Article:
### The Pattern

Function transformations are a fundamental part of Algebra II and Trigonometry – but few students actually understand them terribly well. They learn the formulas for lines, parabolas, square root functions, logarithmic functions, trigonometric functions, and conic sections as if they were all unique… when, in actuality, each of these formulas shares at least 80% of its contents with each other.

Let’s take a look at Point-Slope Form for linear functions first.

Here, we have the archetypical line graph: it passes through the point (*h*, *k*) with a slope of *m*. Effectively, it’s been translated right by *h*, up by *k*, and vertically stretched by *m* times. Not too bad!

Can we see any patterns with the formula for quadratic functions?

It’s almost identical! We’ve switched *m* out for *A*, but it still acts as the same thing: our vertical stretch factor. Once again, it’s been shifted to the right by *h* and up by *k*. This time, we’re especially interested in that point, as it’s the parabola’s vertex, but transforming it is just as easy.

Let’s take a few more at once this time:

All of these look almost identical! The only one that’s remotely different is the trigonometric graph, which introduces B – our *horizontal* dilation. There’s clearly a pattern here; let’s figure out what it is.

### The Rules

Let’s take a look at that final function one more time. Its parent function is *y* = sin(*x*). Now, let’s take a look at what happens inside of those parentheses when we transform it.

To horizontally stretch the function by *B* times, we divided *x* by *B*.

If we think about it, this checks out: for instance, if *B* were 3, then when we had an *x* value of, say, 6, the sin function would be evaluating it as if it were 2, even though we had gone to the right three times as much as usual! This is easiest to see with linear functions: if you graph *y* = *x*/3, it’ll get three times wider than usual.

To horizontally shift the function by *h*, we subtracted *h* from *x*.

Again, this checks out: if we have *x* – 2, then when *x* = 2, we’ll be at the same *y*-coordinate as we would have when *x* = 0 for our original function. It’s a little tricky, but drawing a picture of it might help you make the connection!

(Special note: be very careful when you have both an *x*-shift and an *x*-dilation: it’s very easy to get confused as to how far you’re actually moving right or left!)

From here, we have our first important conclusion: **everything that changed an element related to ***x*** happened within the parentheses**.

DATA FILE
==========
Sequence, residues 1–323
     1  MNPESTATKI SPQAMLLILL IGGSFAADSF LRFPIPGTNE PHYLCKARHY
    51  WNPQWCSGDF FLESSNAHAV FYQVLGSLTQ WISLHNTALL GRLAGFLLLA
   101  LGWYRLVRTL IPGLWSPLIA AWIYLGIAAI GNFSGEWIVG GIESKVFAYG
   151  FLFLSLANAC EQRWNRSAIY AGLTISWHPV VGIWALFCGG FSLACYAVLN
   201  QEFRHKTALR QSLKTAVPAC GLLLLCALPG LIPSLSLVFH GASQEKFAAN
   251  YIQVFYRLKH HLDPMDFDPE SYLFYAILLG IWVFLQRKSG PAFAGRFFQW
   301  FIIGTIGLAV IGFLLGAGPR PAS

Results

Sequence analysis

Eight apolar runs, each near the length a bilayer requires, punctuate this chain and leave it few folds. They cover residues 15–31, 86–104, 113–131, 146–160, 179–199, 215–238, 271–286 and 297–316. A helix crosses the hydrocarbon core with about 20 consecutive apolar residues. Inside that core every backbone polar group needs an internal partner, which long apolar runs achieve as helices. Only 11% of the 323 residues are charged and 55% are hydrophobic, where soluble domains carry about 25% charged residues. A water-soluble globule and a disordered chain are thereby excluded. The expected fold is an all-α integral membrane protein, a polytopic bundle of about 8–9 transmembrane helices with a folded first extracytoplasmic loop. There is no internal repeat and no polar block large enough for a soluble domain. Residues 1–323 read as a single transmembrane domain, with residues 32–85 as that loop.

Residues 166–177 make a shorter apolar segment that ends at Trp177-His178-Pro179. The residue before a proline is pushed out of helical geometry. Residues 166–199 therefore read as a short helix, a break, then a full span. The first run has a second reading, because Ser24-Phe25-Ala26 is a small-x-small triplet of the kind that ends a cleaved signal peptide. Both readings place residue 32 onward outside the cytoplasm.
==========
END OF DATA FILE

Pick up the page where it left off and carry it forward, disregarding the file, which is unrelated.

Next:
Our translations related to *y* are usually quite intuitive: outside of the parentheses, we multiply by *A* to vertically stretch by that many times and add *k* to shift up by that amount.

**Everything that changed an element related to ***y*** happened outside of the parentheses – and it worked the ***opposite*** way to how it worked for **** x**. Instead of subtracting

*h*, we added

*k*. Instead of dividing by

*B*, we multiplied by

*A*. They’re opposites!

### The “Rulebreakers”

We’ve got everything nicely tied up! We’ve found the pattern, everything’s nice and consistent, and we’re ready to go home and have a nice nap. At least, it looks that way… until we take a look at conic sections.

“Conic sections” is a phrase used to refer to parabolas, circles, ellipses, and hyperbolas – and they shatter what we thought we knew about *x* transformations and *y* transformations being opposites. Let’s take a look at the equation for a circle centered at (*h*, *k*).

Uh oh. Now *both x* and *y* have their translations subtracted from them. But surely circles are a one-off thing, right? Not a symptom of a larger misunderstanding? Let’s take a look at ellipses and hyperbolas; surely *those* will fix our problems.

That… didn’t help. But it *did* reveal one new thing: our good old friends *A* and *B* are back – and just like *h* and *k*, they’re also changing things up. In fact, *everything *about our *y* transformations is working just like our *x *transformations now. That gives me an idea; let’s take a look back at our trigonometric function and see if we can make some sense out of this.

Oho! It’s actually completely consistent, and has been this entire time! All the transformations that affected *x* are in the parentheses on the right, and all the transformations that affected *y* are in the parentheses on the left – and they’re both exactly the same as each other!

We can finally finish our rules; this time, they’re *actually* consistent and reliable. **For ANY function, if you want to shift it right, subtract ***h*** from ***x***. If you want to stretch it in the ***x***-direction, divide ***x*** by ***B***. If you want to vertically shift it, subtract ***k*** from ***y***. If you want to stretch it in the ***y***-direction, divide ***y*** by ***A***.**

(Extra credit: see if you can figure out why the equation for an ellipse looks that way. As a hint, consider it as a circle with a radius of 1, then figure out what *A* and *B* do to the function!)

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